Bridging The Divide: Transboundary Science & Policy Interaction In The Indus Basin


Bridging The Divide: Transboundary Science & Policy Interaction In The Indus Basin

The Stimson Center’s Bridging the Divide: Transboundary Science & Policy Interaction in the Indus Basin is the ambitious outcome of Stimson’s Indus Basin Science Policy Visiting Fellows project and the collaborative work of two exceptional researchers, Dr. Muhammad Jehanzeb Masud Cheema from the University of Faisalabad in Pakistan and Dr. Prakashkiran Pawar of The Energy and Resources Institute in India. Both India and Pakistan face common challenges managing their shared natural resources. With rapidly depleting groundwater, burgeoning population growth, and diminishing surface water flows, the Indus is swiftly becoming a “closed” basin—one where nearly all available water is allocated for existing use, with almost no capacity for future development. Left unaddressed, these issues could jeopardize water supplies, development objectives, and social welfare on both sides of the border, potentially fuelling tensions within and between countries. As both nations continue to grow in economic and political importance, stained resources at home remain one of their largest international obstacles.

With this problem in mind, the Stimson Center Environmental Security Program, with the support of the Richard Lounsbery Foundation, created the Indus Basin Science Policy Visiting Fellowship program for early-career Pakistani and Indian scientists to articulate specific strategies for joint research and knowledge building in the region. Dr. Cheema and Dr. Pawar were accordingly selected from among a competitive pool of researchers and promising young professionals from both countries, representing the next generation of water experts in the region. Hosted at the Stimson Center in Washington, D.C., the fellowship offered the two scientists opportunities to meet with analysts, managers, and policy experts from international research institutions, academia, NGOs, and the U.S. government; to conduct site visits to institutions and facilities both in the Washington area and in the Pacific Northwest; and also to work together to explore ideas for mutual cooperation and investigation to meet the emerging challenges facing the Indus.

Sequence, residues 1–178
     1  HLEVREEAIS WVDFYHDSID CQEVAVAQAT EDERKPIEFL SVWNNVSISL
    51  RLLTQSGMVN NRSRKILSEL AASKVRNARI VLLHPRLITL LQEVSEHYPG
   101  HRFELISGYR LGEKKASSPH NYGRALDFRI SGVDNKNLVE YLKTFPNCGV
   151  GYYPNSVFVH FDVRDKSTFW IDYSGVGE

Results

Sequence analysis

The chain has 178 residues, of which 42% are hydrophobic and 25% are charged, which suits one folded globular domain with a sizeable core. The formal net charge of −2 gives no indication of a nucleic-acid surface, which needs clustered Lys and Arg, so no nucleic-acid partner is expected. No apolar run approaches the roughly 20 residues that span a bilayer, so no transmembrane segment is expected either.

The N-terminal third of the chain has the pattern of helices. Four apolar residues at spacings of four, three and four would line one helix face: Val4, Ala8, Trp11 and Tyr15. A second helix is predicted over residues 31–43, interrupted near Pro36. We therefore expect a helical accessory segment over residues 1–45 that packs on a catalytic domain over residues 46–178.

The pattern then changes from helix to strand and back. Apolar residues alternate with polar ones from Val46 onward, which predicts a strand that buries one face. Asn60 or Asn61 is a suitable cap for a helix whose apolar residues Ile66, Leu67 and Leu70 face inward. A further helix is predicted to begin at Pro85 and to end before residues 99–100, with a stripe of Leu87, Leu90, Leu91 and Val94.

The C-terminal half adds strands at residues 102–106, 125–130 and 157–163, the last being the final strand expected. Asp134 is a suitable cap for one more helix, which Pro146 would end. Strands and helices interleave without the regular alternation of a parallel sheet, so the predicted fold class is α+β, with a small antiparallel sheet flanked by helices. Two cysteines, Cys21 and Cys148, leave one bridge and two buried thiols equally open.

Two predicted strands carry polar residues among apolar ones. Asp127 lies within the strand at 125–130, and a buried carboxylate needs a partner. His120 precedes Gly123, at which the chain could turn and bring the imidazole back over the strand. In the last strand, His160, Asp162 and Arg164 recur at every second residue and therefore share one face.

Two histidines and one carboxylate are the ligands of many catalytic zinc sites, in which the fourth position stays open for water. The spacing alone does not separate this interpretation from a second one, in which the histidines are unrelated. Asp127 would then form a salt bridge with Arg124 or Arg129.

The report that follows is a jointly-authored result of that collaborative experience. As one element of the project, the fellows also took it upon themselves to conduct a comprehensive literature review to analyze the existing state of both science and policy research in the region. This initial study was not a requirement of the fellowship, but rather a reflection of the fellows’ initiative and their drive to make their collaboration as fruitful and relevant as possible. This phase of the project is documented in Part I of the Bridging the Divide publication.

As their final product, the researchers were tasked to formulate a proposal for a practical, cooperative research project that could be implemented by Indian and Pakistani scientists towards building a shared knowledge base for water resources management in the Indus Basin. During their time in-residence, Stimson facilitated meetings for the fellows to consult with hydrogeologists from NASA, discuss water treaty negotiation with the U.S. Geological Survey and Army Corps of Engineers, and to consider basin modelling approaches with those from top U.S. universities. Utilizing this expertise and with Stimson’s guidance, the fellows developed a comprehensive project plan that designates specific research needs and data gaps to be addressed in the Indus. It identifies potential Indian and Pakistani scientists or institutions to participate in the project team and defines their contributions; sets down the research activities, methodology, and project timeline; and indicates the project’s intended objectives and expected contributions to cooperative knowledge-building. Together, Part I and II of this publication look to guide and inform future international research efforts and serve as a framework towards a more responsive policy agenda.

The full value of the Indus Basin Science Policy Visiting Fellowship is not and could not be captured in a single report. Much of its success was defined by the professional development, friendship, and lessons learned of the fellows themselves, a success we hope will grow with their continuing collaborations. Likewise, Stimson hopes that the influence of the researchers’ fellowship will expand as the fellows reach out to and engage with decision-makers and the larger publics in India and Pakistan. The Stimson Center Environmental Security Program thanks the Lounsbery Foundation for the support which made this initiative possible. We tremendously valued the opportunity to work with Drs. Cheema and Pawar, and appreciate their dedication to collaboratively seek a more sustainable future for their region. Their findings and proposal presented here have the potential not only to improve science and policy frameworks within the Indus Basin, but to spark a greater conversation within research communities and between countries over the possibilities of peaceful, cooperative water policy solutions.